Archive for the ‘Uncategorized’ Category


Schools are ideal location for national solar push

August 31, 2008

I’m mixed on residential solar: I love to see grassroots movement to expand solar but I’m skeptical about the ROI for widespread adoption.  I’m a believer in local solar as a way to regionalize generation.  Municipal solar sites (including commercial and manufacturing) would have scale and facilities maintenance that can generate a meaningful ROI.

If the Federal Government is serious about energy independence, then our schools are the ideal place to start.   The US should pay 100% of the cost to install arrays at every school in the country and allow the individual schools to use the energy savings/revenue to offset their facilities costs.  Just supplying this one initiative would consume the output of multiple PV factories!  The demand created would be enough for a VC feeding frenzy in PV speculation.

Schools are tightly integrated into our communities, high visible, and mandated to educate.  Solar schools would have tremendous and immediate community impacts with both economic and the social activism benefits.

Let’s set a goal for our schools to become energy neutral (or better) in 3 years.  It would be a bold statement to a huge audience that we’re serious about energy independence.  Now that’s something that students everywhere could sing and dance about!

Solar powered high school?  Now that's something to dance and sing about!

Solar powered high school? Now that is something to dance and sing about!


Twitter & BrightKite

August 6, 2008

You can follow me on Twitter


Sustainability benefits from predictability

July 26, 2008

I believe that people must have a long term view to support sustainability.  Unfortunately, this is not a natural state for most of us raised in an immediate gratification culture.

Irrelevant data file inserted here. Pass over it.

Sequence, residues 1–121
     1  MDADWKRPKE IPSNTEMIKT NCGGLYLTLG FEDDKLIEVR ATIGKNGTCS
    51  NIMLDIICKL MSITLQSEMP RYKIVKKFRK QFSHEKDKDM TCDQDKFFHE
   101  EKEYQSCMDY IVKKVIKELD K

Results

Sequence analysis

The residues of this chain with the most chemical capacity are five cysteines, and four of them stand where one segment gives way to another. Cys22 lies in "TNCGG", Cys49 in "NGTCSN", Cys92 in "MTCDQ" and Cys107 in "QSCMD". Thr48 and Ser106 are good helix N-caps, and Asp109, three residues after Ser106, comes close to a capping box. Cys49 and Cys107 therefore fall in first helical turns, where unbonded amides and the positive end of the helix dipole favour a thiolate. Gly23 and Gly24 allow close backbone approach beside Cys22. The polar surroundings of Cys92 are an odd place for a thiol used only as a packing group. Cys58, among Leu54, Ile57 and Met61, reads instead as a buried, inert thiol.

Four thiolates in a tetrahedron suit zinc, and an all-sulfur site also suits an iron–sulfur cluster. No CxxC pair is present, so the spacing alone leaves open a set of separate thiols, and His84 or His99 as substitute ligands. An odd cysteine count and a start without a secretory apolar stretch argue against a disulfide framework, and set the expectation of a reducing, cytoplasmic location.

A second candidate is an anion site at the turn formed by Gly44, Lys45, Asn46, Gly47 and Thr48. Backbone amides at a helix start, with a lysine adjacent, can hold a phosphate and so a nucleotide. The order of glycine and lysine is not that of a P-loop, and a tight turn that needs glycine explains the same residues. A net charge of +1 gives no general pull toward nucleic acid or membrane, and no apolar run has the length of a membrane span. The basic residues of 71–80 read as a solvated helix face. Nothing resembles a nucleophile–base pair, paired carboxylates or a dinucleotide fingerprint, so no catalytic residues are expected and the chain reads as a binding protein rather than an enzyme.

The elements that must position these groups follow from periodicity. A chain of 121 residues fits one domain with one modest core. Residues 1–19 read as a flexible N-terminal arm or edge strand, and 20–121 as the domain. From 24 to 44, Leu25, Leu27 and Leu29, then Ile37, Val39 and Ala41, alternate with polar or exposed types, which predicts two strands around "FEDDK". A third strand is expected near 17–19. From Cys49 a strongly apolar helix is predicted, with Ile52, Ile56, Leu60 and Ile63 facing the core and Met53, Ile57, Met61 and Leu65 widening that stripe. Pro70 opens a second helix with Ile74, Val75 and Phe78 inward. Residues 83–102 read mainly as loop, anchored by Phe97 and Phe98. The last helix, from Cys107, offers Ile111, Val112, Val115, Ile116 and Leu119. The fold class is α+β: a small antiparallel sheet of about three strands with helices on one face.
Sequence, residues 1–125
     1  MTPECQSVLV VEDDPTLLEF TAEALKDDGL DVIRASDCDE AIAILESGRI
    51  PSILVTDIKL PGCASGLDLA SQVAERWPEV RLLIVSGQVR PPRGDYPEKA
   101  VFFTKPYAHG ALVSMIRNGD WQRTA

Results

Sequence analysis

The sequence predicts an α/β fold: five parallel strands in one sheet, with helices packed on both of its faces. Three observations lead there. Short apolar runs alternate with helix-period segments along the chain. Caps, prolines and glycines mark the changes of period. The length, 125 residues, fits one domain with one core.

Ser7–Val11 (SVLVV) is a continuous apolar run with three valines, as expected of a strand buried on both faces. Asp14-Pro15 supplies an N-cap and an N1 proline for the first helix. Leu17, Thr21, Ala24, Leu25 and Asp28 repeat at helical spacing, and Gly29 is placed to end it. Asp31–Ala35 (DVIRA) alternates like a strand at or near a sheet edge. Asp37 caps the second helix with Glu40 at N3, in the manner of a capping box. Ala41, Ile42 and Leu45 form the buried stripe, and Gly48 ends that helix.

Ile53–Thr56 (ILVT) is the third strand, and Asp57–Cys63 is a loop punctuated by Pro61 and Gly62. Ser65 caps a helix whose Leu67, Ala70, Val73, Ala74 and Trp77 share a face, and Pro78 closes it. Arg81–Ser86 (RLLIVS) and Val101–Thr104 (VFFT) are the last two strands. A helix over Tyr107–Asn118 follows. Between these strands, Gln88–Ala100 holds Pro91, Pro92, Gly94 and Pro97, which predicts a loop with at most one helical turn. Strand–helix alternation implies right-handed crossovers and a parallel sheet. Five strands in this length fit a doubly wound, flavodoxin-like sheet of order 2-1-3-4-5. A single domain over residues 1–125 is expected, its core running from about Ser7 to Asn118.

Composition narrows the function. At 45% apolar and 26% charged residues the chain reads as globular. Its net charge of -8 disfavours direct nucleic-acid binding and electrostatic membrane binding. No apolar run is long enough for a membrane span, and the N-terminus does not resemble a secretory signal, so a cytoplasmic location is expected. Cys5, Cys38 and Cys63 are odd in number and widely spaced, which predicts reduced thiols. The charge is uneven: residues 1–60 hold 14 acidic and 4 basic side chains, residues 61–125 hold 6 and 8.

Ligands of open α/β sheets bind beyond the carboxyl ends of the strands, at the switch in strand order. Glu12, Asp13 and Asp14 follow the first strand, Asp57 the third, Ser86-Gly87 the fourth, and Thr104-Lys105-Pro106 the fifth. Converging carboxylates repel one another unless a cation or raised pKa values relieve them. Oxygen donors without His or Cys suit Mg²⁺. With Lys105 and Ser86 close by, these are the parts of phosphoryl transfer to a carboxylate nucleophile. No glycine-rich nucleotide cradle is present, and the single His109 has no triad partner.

This point was doubly reinforced recently.  First, Matthew Simmons comments about creating a oil price floor to allow investors to make long term plans.  Second, a conversation with a municipal / civil engineering friend about Austin’s commuter rail vs. buses.  He said that rail project build a sustainable community around them because the businesses and residents can count on the transportation asset.  The exact same infrastructure using buses would not create the community because buses are not community assets.

Rail project create sustainable communities, buses do not.

Rail project create sustainable communities, buses do not.

BTW: I found another interesting link from AutoBlogGreen about a Japanese project to turn their rail beds into green spaces.  They cited a dramatic drop in temperature (140 vs 95) between road and greened rail.  Just the place for a picnic Father Bear!

Green space dramatically lowers surface temperture

Green space dramatically lowers surface temperature


Energy Free Rides

May 6, 2008

On Cinco de Mayo, I was talking to an environmentally minded friend over lunch at Maudi’s and chewing on weighty problems. He suggested that the Free Rider Problem from Game Theory may be part of the struggle for conservation movements to get rolling. The FRP states that when a populate is large enough members can easily opt out of paying their share. By assuming that the majority will contribute they get a free ride. If enough people do this then the market collapses or fails to advance.

This certainly explains some of the behavior that prevents emergent conservation, but I think there is also an overwhelming boil the ocean phenomena at play. It’s currently impossible for individuals to see any practical connection between their drop of wastefulness and a world wide problem.

I believe that it is possible to make this a personal connection if we can:

  1. put the use into personal terms like gallons of gas or hours of TV
  2. allow people to see a measurable (10%?) improvement from conservation
  3. connect them into small enough groups that we overcome the Free Rider problem

There are many instances in which the national zeitgeist shifts from ignoring widespread intractable problems into addressing them aggressively as enforced social norms. For example, littering in the 70s, polyester in the 80s, smoking in the 90s, and recycling in the 00s.

The tide is turning, but it’s still too hard for people to measure the benefit.